Botswana’s Jewel: Livingstone’s Journey to the Okavango Delta

Botswana’s Jewel: Livingstone’s Journey to the Okavango Delta

Tucked away deep in the unforgiving Kalahari Desert, a thriving oasis lies waiting to be discovered. It exists in a country with a charged and exciting history, ranging from ancient civilisations to beautiful geographic formations and rock paintings.

Botswana is where the desert erupts into life, where water channels wind their way through scorching-hot sands. Where herds of elephants and magnificent animals thunder across the land and flocks of birds take to the sky in splendour.

This is just a short description of the amazing and gripping world of Botswana. For us to really explain the country’s beauty and character, we need to tell you the story of Dr David Livingstone’s journey to its crowning glory, the Okavango Delta.

Journey To The Okavango Delta: Livingstone’s Mission

Over 40 000 years ago, the San hunter-gatherers roamed and wandered the Kalahari Desert. This unforgiving region remained unknown to the rest of the world until 1841, when Livingstone arrived to experience Botswana first-hand.

Tasked with the assignment of spreading the Christian faith, this Scottish missionary built Botswana’s first school, clinic, and church. This passionate man contributed to the spread of peace, education, and faith within the land.

All was harmonious until tragedy suddenly struck. Conflict broke out between the local Bakwena, European settlers, and the Boers. Livingstone’s mission and settlement was burned to the ground by an angry mob.

With their safety at risk, he decided to send his family back to England and aborted his mission. However, this proved to be a small bump in the road for Livingstone.

He risked much in the hope of abolishing slavery. As a result, he earned a healthy respect from Botswana’s local tribes.

While interacting with the San, Livingstone stumbled upon an interesting piece of information. This proved to be the inspiration for his next mission.

Livingstone was amazed to hear about a vast body of water said to exist in the heart of the Kalahari Desert. He was determined to see it with his own eyes.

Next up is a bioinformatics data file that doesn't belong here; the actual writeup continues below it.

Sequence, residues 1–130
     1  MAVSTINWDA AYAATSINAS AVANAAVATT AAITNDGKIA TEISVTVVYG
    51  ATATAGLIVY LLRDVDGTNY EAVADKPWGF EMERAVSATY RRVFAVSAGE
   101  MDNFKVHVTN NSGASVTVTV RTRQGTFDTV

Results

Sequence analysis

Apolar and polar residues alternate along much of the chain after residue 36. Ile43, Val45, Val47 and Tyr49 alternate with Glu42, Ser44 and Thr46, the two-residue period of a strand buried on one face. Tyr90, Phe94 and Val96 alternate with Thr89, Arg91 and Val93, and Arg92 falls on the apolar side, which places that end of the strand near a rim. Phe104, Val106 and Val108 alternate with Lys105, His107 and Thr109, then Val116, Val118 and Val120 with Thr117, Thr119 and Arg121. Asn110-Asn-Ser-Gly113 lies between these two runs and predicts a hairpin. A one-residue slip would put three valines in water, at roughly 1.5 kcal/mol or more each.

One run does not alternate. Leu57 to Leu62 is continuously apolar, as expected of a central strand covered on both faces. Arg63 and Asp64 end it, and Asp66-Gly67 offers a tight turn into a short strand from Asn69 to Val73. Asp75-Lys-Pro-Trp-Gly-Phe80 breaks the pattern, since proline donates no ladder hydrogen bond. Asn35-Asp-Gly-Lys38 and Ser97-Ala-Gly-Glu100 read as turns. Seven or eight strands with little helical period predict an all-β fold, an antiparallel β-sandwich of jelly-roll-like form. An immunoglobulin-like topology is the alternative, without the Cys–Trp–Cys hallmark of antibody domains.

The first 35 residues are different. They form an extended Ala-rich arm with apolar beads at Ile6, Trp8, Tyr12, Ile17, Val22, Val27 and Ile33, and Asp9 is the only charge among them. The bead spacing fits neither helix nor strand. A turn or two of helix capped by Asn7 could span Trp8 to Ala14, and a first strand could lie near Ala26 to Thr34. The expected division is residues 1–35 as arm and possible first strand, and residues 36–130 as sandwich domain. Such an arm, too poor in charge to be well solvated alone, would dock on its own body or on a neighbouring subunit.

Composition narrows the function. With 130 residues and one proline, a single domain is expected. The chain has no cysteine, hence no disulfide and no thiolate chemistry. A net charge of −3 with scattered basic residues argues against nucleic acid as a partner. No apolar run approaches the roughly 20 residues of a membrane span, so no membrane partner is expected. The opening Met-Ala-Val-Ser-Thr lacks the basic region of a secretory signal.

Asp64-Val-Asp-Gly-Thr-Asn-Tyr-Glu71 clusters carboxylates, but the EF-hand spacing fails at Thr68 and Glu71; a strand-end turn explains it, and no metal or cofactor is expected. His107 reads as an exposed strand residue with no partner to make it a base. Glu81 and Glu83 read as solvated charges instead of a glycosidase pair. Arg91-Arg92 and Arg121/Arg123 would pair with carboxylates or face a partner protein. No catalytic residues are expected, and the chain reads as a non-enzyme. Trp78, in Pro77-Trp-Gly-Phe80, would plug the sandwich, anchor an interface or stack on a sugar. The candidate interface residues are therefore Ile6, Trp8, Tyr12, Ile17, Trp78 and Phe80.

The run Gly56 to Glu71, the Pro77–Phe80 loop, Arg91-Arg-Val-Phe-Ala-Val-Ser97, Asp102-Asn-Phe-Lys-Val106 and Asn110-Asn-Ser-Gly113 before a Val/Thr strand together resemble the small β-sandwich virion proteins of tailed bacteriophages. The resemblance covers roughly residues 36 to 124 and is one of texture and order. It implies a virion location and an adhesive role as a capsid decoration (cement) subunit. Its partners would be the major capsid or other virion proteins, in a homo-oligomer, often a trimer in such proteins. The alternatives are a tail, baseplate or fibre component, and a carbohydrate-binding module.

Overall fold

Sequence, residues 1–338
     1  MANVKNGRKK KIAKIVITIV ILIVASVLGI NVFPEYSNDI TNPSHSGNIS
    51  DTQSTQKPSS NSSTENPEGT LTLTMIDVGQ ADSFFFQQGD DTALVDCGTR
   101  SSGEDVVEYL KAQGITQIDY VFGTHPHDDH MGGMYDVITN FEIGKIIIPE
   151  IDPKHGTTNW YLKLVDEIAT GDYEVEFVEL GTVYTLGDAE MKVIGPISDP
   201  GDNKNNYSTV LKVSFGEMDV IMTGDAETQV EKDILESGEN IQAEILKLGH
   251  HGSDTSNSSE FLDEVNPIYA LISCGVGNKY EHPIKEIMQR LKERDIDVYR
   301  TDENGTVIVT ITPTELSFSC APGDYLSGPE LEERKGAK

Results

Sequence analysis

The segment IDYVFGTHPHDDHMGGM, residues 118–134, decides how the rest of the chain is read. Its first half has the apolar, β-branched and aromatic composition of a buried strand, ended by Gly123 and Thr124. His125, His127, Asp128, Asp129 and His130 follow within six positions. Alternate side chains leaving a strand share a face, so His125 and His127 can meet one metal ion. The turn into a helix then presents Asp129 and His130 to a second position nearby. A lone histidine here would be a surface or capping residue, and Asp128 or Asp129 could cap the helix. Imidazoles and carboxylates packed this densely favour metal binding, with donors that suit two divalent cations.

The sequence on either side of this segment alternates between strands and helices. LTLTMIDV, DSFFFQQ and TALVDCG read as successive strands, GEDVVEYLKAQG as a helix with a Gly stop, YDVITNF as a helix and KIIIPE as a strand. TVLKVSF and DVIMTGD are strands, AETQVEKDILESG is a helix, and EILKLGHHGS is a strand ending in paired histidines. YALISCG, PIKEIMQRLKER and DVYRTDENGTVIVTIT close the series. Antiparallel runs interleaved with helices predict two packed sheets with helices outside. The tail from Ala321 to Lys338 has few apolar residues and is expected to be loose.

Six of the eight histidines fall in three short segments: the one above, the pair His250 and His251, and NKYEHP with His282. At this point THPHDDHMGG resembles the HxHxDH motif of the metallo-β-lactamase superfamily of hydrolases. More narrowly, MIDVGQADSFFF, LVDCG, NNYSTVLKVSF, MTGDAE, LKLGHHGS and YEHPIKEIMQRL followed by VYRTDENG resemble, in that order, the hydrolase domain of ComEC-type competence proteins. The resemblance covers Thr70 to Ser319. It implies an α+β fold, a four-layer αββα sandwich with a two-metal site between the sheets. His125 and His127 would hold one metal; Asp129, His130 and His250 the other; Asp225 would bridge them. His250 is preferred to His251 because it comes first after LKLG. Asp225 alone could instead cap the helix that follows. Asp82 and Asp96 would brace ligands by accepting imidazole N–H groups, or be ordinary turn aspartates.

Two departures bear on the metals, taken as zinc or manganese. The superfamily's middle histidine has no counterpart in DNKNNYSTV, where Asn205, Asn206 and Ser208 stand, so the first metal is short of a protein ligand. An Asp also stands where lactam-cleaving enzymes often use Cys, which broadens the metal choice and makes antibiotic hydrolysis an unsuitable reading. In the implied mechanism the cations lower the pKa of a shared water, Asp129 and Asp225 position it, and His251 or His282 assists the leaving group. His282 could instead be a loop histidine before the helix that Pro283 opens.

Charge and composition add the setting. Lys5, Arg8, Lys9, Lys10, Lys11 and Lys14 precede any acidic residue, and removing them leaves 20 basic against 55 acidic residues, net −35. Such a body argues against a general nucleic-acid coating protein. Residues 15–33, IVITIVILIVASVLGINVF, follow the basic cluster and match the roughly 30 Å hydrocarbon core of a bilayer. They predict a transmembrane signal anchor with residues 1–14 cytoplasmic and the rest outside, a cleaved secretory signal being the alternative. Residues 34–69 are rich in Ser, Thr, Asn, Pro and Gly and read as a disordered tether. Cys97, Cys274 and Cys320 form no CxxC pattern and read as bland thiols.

The Baobab: Botswana’s Life-Giving Nature

Livingstone’s journey navigating the treacherous desert was a long and challenging one. Many of his oxen died of thirst and his brave party members were struck by several illnesses.

Yet, Livingstone continued his search as if he was magnetically drawn to this elusive oasis destination.

At a pivotal point in his journey, Livingstone and his desert expedition spied what appeared to be clumps of trees on the horizon. These mysterious giants were revealed to be ancient Baobab trees.

These trees were a saving grace for the thirst-crazed travellers. The explorers were able to chew on the spongy bark and harvest water from the branches to quench their thirst.

These giant Baobabs survive by storing huge amounts of water in their trunks. They have a life-giving ability to bear fruit in even the harshest of climates. In a way, this tree is a symbol of Botswana’s vibrance and lust for life.

Thomas Baines, Victorian artist and Livingstone’s desert comrade, was deeply moved by the trees. In tribute, he immortalised the Baobabs as works of art.

With respect to the country’s environment, he wrote: “I confess I can never quite get over the feeling that the wonderful products of nature are objects to be admired rather than destroyed.” An attitude that Botswana’s people fiercely uphold to this day.

The San were also struck by the appearance of the baobab. As San legend goes, in the beginning God gave each and every one of the animals a seed to plant. The haughty hyena was picked last and took offence to the order of things.

The hyena was so angry that it decided to plant its own seed upside down with the roots reaching up to the sky. Interestingly, the Livingstone party’s observations seemed to confirm the legend’s description. They believed the trees looked like upside-down carrots!